49  To the extent of any inconsistency or conflict with the Freedom of Information and Protection of Privacy Act, Parts 3 [Electors and Elections] and 4 [Assent Voting] of this Act apply despite that Act.

Public notice by newspaper publication

50  (1) If this Part requires notice to be given in accordance with this section, the notice must be given by publication in a newspaper in accordance with section 4 of the Schedule to this Act.

(2) Notices to which this section applies may be combined as long as the requirements of all applicable sections are met.

Solemn declarations

51  (1) If this Part requires a solemn declaration to be made, the declaration must be

(a) made on oath or by solemn affirmation,

(b) made before a commissioner for taking affidavits for British Columbia or a person authorized by this Part to take the oath or solemn affirmation, and

(c) signed by the person making the oath or solemn affirmation and by the person before whom it is made.

(2) If a regulation under section 168 [election regulations] applies, the declaration must be made in a form prescribed by the regulation.

Division 2 — Arrangements for Elections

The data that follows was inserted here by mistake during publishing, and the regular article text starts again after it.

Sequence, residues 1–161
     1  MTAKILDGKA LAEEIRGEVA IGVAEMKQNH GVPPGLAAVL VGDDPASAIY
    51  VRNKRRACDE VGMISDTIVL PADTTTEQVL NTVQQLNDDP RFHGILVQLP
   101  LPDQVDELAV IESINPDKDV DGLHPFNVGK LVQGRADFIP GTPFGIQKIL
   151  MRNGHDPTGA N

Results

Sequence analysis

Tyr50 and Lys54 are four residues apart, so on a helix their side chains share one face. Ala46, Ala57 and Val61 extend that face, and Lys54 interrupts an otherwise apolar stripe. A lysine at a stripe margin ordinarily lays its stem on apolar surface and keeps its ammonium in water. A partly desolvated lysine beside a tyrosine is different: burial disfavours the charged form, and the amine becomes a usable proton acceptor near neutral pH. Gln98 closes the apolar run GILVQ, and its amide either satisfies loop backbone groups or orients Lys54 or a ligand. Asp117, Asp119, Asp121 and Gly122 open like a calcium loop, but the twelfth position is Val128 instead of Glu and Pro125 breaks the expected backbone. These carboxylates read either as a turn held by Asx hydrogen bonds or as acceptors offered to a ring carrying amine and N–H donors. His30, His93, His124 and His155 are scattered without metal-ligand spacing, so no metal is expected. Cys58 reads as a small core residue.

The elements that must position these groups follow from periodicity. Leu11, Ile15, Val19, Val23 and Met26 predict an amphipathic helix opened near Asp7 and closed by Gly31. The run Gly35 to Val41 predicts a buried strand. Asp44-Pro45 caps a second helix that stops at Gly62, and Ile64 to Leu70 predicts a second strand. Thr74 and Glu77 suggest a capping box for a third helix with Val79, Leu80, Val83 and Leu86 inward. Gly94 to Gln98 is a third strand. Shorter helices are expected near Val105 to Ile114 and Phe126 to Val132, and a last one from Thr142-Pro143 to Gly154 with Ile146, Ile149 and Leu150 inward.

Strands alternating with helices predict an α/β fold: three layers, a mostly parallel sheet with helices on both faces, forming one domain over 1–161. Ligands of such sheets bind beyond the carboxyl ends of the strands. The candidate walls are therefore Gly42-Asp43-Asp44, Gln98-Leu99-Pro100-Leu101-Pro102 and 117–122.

General local elections every 4 years

52  (1) Elections for the mayor and all councillors of each municipality and elections for the electoral area directors of each regional district, to be known collectively as a general local election, must be held in the year 2014 and in every 4th year after that.

(2) General voting day for a general local election must be the 3rd Saturday of October in the year of the election.

Municipal elections at large unless neighbourhood constituency established

53  (1) Unless a bylaw under subsection (2) applies, every council member must be elected from the municipality at large.

(2) A council may, by bylaw, provide that all or some of the councillors be elected on a neighbourhood constituency basis.

(3) A bylaw under subsection (2) must establish the areas that are to be neighbourhood constituencies and provide for an orderly transition to election on this basis.

(4) The authority under subsection (2) applies despite the letters patent for the municipality, but a bylaw under that subsection must be approved by the Lieutenant Governor in Council before it is adopted.

(5) If a neighbourhood constituency is established,

(a) the only persons who may vote as electors of the neighbourhood constituency are